Toms has got a new look, a new slogan and a new business model.
For more than 14 years, the shoe brand founded by entrepreneur Blake Mycoskie has been recognized for its signature “One for One” giving strategy — that is, buy a pair of shoes and the brand gives a pair to a child in a developing or undeveloped country. But today, as it celebrates its 15th anniversary this year, the company has introduced a bold commitment to give a third of annual net profits to local community-focused organizations.
Its new slogan: “1/3 of Profits for Grassroots Good.” Simply put, Toms will no longer be donating shoes; instead, it will invest those funds in grassroots efforts focused on equity.
“We’ve given away over 100 million shoes in the first 14 years, and I’m even more energized about being a part of the second chapter of Toms,” Magnus Wedhammar, who was named CEO of Toms last January, told FN.
According to the chief executive, who said he received Mycoskie’s “blessing” to evolve the strategy, “We’re not changing the original mission — being in business to improve lives — nor are we changing our vision. … [Giving] is not only the great authenticator, but the great differentiator from other brands. This is in our DNA, and it’s what sets us apart from the competition.”
As part of the new strategy, Toms’ top management identified three key pillars that will be the focus of its philanthropic work moving forward: promoting mental health; increasing access to opportunity; and ending gun violence. (In early 2019, a few months after the Thousand Oaks, Calif., mass shooting, Toms memorably launched the End Gun Violence Together campaign with a $5 million pledge — the single largest corporate gift to end gun violence.)
“Those efforts to end gun violence were the impetus for the question: Are we doing all we can?” said chief strategy and impact officer Amy Smith. “The reason we chose these issue areas are: one, because we believe we can have a great impact in them; two, because they all help lay the groundwork to creating more equity in marginalized communities; and three, because our consumer is very committed to them — especially this next generation of customers. They vote their values with their wallets every single day, and these issues for them are front and center.”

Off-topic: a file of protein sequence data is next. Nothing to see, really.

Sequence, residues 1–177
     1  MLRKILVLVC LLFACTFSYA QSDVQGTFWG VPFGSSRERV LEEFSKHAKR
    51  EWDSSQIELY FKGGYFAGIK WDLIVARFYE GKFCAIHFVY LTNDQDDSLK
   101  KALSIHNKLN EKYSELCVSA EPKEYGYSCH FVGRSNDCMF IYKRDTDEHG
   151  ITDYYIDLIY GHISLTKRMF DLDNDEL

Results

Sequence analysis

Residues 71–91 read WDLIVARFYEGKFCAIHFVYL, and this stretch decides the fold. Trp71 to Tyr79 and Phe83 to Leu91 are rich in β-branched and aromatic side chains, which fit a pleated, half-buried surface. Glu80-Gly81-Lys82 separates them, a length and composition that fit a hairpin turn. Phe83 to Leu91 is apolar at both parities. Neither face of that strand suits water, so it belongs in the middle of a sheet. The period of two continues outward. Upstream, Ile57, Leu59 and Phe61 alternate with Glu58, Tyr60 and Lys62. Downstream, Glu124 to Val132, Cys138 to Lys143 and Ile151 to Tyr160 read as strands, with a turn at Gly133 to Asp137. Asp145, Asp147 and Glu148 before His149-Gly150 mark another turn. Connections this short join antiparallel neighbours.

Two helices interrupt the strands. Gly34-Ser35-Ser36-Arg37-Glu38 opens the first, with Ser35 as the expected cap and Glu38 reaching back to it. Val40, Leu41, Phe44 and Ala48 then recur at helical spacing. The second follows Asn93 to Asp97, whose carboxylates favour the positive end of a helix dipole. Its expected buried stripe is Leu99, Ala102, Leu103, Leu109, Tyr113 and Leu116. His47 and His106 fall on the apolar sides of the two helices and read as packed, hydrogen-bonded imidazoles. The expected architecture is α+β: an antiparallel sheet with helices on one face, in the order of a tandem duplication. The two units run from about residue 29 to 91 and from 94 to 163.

As part of its evolution, Toms is also undergoing a creative overhaul. It has relaunched its website, intends to release new marketing with a diverse collective of brand ambassadors and has reimagined its iconic Alpargata silhouette. It also plans to debut new collaborations with stationery retailer Paper Source and home decor brand West Elm in the fall and holiday seasons, respectively.
With these new projects in mind, the brand also been “hyper-focused” on millennial and Gen Z consumers over the past year, said chief marketing officer Ian Stewart. “We believe that if we think deeply about social issues, how we present our brand, how we communicate, the models we use in photography, the stories that we tell around different people — if we do that right — we will win this new generation. … Our intent is to [reach out to] Gen Z and millennial in a way that’s not going to be off-putting to our loyal customers who have been with us for the last 15 years.”
What’s more, Toms has entered into a multiyear licensing partnership with California-based textile and tech company Future Stitch — a LEED-certified firm run by founder and CEO Taylor Shupe — to design, develop and distribute a line of socks, some of which are specifically tailored to the Alpargata.
“It’s this marriage between two product companies that put the planet and people before profit,” Shupe told FN. “That’s what makes the relationship so special and why it was so easy for us to get along from the very beginning. Toms’ new direction is absolutely phenomenal, and I hope others will follow that same direction. … I firmly believe this brand is going to see a strong resurgence.”
According to Wedhammar, Toms saw revenues decline last year amid the COVID-19 pandemic. (He did not specify exact numbers, but said it was a “tough year, especially for the wholesale channels.”) However, he shared that the business has “stabilized,” with direct-to-consumer e-commerce representing more than half of sales and Toms.com recording its “best year” in company history in 2020.
And the CEO is highly optimistic about 2021 and the company’s new direction.
“When impact, product and marketing come together, that’s where the magic happens, and that’s what we’ve been working on over the last nine to 12 months,” Wedhammar said. “We are ready to put that in action and start the execution phase. … We had a strong first quarter. 2021 is the year when Toms returns back to growth.”